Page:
Around three out of every four of us will live in cities by 2050. As cities swell, pressure on vital resources like water and energy will become ever greater. Across the world there are big differences in the way cities are built and run, their transport systems and energy use. It is vital to understand more about these differences in order to make the right choices for building sustainable cities.

Understanding urban development

Every city is unique, but some share similar traits. Research into 500 cities by Strategy&, supported by Shell, shows that cities can be grouped into six broad categories, which we call city archetypes.

This research helps us to understand what choices may be needed to build sustainable cities in the future, but also how cities have coped with major development challenges in the past.

For example, faced with high levels of poverty and unemployment in the 1960s, Singapore has since evolved into one of the world’s most prosperous cities through smart urban planning and investment in public transport.

“I suspect that one day historians will describe the 100 years to 2050 as the century of the city.”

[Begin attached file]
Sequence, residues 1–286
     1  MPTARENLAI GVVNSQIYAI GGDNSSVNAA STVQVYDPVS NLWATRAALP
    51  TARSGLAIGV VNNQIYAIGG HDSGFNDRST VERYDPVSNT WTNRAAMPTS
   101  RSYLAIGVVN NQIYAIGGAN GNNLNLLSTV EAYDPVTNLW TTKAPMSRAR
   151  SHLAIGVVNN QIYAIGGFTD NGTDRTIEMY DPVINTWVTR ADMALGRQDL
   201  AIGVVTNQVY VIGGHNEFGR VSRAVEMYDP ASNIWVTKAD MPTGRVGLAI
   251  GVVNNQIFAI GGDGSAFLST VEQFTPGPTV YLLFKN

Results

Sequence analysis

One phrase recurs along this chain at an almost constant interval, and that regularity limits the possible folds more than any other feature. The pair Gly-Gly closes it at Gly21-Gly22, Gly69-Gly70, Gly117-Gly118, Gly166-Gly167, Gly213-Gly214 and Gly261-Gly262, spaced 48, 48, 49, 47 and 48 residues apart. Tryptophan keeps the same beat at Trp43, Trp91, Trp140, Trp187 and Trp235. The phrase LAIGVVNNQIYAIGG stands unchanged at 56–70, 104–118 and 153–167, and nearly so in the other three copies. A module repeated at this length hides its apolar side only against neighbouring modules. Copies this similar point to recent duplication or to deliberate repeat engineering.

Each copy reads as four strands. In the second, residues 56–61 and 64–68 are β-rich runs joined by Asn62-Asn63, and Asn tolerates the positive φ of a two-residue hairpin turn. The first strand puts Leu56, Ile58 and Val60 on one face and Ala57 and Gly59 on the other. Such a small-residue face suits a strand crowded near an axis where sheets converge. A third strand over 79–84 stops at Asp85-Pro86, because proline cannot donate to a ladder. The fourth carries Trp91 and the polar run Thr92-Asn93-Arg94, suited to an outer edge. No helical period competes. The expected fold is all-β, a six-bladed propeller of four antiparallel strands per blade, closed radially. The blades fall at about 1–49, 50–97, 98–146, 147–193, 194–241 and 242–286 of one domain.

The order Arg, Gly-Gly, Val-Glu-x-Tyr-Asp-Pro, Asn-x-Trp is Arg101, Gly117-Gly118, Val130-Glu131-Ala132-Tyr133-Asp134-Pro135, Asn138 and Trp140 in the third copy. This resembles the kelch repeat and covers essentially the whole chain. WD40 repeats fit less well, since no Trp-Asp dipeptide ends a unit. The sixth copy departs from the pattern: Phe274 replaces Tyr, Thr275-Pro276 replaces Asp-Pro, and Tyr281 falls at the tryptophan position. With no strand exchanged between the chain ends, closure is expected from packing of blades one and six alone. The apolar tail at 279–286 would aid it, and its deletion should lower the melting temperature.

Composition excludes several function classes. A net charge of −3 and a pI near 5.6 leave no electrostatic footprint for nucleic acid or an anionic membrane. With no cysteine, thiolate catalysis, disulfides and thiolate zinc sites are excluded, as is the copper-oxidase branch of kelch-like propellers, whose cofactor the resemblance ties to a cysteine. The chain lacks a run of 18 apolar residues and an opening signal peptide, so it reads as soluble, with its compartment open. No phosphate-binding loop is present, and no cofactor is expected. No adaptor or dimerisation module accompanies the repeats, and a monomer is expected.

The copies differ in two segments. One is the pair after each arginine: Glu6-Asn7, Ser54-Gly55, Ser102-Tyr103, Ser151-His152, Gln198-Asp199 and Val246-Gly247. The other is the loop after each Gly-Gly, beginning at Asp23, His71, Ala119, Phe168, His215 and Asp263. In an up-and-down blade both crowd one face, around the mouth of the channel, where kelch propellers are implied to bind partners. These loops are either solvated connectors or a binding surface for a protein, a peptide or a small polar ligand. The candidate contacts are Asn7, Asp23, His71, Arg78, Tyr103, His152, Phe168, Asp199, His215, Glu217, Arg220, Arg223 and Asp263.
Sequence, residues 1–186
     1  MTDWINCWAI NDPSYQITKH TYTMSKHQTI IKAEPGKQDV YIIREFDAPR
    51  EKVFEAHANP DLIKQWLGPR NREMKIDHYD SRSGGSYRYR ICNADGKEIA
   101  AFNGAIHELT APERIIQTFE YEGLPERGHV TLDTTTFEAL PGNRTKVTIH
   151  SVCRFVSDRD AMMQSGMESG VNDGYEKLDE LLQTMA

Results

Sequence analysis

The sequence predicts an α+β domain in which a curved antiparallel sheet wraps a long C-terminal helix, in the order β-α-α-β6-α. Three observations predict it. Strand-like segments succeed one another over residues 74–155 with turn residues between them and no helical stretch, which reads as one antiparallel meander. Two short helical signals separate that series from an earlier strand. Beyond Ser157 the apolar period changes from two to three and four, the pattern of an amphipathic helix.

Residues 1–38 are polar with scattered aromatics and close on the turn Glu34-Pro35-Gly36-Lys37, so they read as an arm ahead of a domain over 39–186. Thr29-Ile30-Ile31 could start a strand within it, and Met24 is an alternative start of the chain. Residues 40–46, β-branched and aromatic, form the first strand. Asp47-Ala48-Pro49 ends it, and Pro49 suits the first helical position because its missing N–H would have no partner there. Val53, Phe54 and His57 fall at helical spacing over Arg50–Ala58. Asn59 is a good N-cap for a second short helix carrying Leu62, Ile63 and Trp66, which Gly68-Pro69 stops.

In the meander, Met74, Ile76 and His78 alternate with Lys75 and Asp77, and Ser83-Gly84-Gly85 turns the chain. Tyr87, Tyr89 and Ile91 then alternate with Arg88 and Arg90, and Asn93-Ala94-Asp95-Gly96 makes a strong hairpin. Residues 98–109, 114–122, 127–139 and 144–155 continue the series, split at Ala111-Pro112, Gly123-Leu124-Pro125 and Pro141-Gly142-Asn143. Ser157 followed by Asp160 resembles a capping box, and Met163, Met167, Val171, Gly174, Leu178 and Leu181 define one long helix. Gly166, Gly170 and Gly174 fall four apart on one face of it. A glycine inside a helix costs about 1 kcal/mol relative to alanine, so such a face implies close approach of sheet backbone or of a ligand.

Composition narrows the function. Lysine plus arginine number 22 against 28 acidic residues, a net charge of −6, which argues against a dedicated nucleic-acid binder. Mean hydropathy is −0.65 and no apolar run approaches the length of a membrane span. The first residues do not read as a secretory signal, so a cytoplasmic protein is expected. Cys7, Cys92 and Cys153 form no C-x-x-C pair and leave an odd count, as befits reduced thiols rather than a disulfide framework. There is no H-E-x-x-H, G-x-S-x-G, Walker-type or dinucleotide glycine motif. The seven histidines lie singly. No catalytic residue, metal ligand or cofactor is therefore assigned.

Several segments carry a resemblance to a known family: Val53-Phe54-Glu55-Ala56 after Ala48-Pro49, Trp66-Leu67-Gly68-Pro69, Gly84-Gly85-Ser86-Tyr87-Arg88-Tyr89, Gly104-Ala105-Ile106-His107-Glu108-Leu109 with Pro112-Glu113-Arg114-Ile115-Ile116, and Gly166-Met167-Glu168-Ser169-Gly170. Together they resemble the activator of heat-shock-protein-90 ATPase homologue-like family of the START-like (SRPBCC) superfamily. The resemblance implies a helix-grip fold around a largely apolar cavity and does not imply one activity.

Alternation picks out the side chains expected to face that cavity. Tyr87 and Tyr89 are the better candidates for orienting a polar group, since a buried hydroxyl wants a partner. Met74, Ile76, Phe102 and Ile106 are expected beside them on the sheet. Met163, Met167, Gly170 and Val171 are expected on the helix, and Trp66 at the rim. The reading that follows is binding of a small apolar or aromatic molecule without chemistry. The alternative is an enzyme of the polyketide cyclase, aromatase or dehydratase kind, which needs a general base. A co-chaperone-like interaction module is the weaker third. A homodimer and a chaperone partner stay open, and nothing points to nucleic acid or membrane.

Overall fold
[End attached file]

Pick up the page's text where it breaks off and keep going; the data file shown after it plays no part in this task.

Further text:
Jeremy Bentham, Head of Shell Scenarios

Ways into the future

We have identified several ways that could help city leaders make the urbanisation process more sustainable. Effective planning to reduce the need to travel around cities, together with efficient public transport for when it is unavoidable, can make a big difference.

Wider use of electric, hydrogen or natural gas-driven vehicles – in addition to more efficient combustion engine vehicles – can make a major contribution to sustainability, as can switching from coal to gas-fired power generation.

Why not take our quiz and find out which city best matches your personality, before discovering more about the six city archetypes.

Want to read more?

Visit the Shell Scenarios section to download our New Lenses on Future Cities supplement and in-depth city reports, and read more about how we might make our cities more efficient and appealing places to live.

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More in future cities

Six city archetypes

Every city is unique, but many share similar features. We used research into 500 cities to group cities into six broad categories.

Compare cities

Compare the future of 500 cities from around the world with our city comparison tool.

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